Sen. Bernie Sanders was described as a Democratic Socialist. (It is important to remember that “socialism” is an economic term, not to be confused with “communism,” which is a political term. The two are not synonymous.) I started hearing more about socialism and realized that I agreed with many of the same things. I believe that the right to safe housing, a living wage, quality education, and health care are basic human rights, not privileges to be afforded to those who work hard or earn it through some effort of their own. In American Capitalism, it seems like it’s all about competition. Do the best you can. Be the best you can. Earn the most you can.
I recently had a Facebook exchange with someone who commented “No one has a right to a job or a house or healthcare. You work hard and earn them for yourself. If you want to give them everything that’s fine, but not if it means taking from me and mine to do it!” I simply wrote back, “Wow, so it really is all about what’s in it for you? That’s really sad.” And that exchange got me thinking: Has capitalism come to its logical conclusion? Look out for you and yours; work hard and climb the ladder to the top, making and keeping as much as you want. And we wonder why the rich get richer and the poor get forgotten, while the middle class finds itself increasingly more frustrated and angry. And so, this pastor has to admit: Bernie Sanders has become my “second favorite” Socialist Jew.
But this isn’t the surprising part. I began thinking about the message of my faith tradition in light of an understanding of economics that was seemingly more based in caring for self over others (looking out for #1). I also started seeing a correlation between capitalism and spirituality, primarily Evangelical Protestant spirituality as it developed in a uniquely American context during the 19th and 20th centuries.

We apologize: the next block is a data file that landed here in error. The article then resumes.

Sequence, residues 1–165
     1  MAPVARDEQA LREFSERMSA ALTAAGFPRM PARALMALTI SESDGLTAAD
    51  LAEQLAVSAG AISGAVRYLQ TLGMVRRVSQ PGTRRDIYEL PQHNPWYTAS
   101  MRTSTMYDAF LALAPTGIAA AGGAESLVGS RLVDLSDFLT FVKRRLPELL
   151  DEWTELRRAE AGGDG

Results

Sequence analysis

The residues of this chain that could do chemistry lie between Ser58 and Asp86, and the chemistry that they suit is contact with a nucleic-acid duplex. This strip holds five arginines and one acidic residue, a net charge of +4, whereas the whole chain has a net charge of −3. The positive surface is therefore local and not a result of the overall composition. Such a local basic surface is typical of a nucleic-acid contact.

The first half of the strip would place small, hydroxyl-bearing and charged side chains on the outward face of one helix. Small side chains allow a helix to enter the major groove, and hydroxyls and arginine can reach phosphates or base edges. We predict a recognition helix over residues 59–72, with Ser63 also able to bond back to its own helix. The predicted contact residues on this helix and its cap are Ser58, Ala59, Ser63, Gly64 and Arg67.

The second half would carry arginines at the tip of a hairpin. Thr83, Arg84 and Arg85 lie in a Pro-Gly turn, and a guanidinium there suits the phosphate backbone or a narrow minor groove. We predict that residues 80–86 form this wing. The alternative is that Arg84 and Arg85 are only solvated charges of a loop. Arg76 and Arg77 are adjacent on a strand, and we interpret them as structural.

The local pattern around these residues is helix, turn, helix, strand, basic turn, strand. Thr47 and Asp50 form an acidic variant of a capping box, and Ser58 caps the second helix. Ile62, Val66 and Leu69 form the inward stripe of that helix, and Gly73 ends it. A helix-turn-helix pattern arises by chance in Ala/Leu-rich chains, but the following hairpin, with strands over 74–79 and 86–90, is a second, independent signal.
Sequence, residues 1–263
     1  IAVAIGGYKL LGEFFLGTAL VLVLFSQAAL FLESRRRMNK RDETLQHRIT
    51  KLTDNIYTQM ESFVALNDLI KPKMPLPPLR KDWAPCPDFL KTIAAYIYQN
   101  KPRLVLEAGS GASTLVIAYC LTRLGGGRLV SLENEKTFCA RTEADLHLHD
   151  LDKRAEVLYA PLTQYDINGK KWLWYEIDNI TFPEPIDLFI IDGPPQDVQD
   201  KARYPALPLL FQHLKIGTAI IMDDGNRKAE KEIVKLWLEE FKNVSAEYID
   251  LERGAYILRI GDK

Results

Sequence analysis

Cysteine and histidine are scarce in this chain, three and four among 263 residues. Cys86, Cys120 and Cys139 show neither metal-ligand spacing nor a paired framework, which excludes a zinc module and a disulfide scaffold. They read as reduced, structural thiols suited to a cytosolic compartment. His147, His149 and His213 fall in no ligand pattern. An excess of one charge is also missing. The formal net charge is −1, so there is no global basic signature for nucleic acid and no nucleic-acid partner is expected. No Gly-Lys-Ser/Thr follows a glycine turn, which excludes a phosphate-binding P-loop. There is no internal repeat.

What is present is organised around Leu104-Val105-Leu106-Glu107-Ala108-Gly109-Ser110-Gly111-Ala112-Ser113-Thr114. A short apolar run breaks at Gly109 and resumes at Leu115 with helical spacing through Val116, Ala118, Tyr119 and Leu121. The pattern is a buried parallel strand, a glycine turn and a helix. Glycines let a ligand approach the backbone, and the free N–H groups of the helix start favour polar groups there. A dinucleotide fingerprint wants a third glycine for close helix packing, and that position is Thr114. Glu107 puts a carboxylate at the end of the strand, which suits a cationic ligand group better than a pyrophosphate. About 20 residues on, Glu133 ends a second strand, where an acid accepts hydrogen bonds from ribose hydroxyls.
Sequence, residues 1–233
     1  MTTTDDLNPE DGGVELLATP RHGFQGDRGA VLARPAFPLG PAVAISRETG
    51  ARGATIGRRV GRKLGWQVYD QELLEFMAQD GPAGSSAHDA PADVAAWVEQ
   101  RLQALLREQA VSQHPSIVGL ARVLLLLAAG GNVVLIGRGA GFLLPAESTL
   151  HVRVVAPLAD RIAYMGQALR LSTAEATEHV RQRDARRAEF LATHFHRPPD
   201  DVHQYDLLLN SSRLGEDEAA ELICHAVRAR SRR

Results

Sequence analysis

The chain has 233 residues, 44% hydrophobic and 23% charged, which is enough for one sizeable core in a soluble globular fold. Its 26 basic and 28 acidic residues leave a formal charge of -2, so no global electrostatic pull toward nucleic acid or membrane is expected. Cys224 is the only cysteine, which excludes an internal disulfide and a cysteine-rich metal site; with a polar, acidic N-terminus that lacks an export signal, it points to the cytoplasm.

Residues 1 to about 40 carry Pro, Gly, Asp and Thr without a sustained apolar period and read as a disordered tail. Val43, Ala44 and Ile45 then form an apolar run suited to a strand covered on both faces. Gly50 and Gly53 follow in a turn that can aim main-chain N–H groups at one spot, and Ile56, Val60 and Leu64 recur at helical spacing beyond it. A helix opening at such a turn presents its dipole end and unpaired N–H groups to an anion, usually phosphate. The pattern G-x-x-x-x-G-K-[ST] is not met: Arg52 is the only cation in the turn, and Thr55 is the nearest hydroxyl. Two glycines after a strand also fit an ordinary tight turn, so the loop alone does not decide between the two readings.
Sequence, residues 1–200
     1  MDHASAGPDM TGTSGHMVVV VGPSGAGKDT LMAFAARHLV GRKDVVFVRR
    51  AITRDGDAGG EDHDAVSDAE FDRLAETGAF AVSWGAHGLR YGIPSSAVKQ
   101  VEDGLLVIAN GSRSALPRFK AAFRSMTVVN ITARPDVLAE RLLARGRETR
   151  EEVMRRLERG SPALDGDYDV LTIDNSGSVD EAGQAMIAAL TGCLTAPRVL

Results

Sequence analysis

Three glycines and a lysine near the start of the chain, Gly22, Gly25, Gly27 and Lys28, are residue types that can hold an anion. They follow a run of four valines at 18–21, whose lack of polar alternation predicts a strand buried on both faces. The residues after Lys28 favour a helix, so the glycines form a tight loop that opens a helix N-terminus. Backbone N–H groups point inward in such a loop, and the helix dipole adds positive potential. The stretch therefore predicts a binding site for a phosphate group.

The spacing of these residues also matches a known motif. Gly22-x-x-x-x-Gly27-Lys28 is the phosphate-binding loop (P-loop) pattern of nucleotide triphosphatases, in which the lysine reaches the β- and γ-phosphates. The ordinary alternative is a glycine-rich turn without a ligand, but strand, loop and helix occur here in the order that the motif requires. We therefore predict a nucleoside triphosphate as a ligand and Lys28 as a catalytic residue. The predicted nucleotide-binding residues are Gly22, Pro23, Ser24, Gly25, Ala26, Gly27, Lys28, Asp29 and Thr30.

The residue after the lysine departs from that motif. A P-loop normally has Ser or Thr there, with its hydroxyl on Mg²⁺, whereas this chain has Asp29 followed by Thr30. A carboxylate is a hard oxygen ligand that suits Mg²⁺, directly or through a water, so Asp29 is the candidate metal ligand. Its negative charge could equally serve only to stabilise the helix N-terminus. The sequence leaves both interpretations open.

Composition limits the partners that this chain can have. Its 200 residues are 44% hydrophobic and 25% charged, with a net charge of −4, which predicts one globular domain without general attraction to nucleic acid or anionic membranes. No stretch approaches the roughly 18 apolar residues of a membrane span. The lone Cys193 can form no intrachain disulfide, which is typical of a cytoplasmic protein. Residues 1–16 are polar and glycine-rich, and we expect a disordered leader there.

And so, a spirituality developed around the concept of personal, spiritual success. With its mourner’s benches and tent revivals, the role of religion shifted to one of “getting saved,” where the primary purpose of the spiritual life was a “personal relationship” with the Divine which ensured the believer a place in Heaven where peace and perfection would be granted for all eternity. In a spirituality based on personal success, it seems one is concerned more with achieving eternal blessings for oneself and less with responsibility for those less fortunate. Pray hard, believe hard, earn the most you can. Relationship with God becomes important, almost to the exclusion of relationship with the world around us. In such a religious (mis)understanding, is it possible that care for the poor, the disenfranchised, the environment, and the like, have become secondary concerns that may or may not be chosen, rather than responsibilities that flow naturally from a right relationship with God?
My faith is clear. Right relationship with God necessitates a right relationship with the world around me. Faith is not about me. It’s the exact opposite – it’s about realizing how being loved enables and empowers me to love others: the poor, the disenfranchised, those who find themselves on the outside of life looking in on those of us who have it all.
And so yes Mr. Facebook friend of a friend, I do choose to believe people have a right to a good job, a fair wage, a safe home, adequate healthcare, and an education that gives them a future. And it may in fact mean taking from “me and mine” to do it. Buts that’s okay. Because it’s not all about me. It’s about understanding how I am in relationship with my God and how that relationship leads me to a relationship with my world.
Dr. Robert Apgar-Taylor is pastor of Grace United Church of Christ, Frederick¡ and Veritas United Church of Christ, Hagerstown.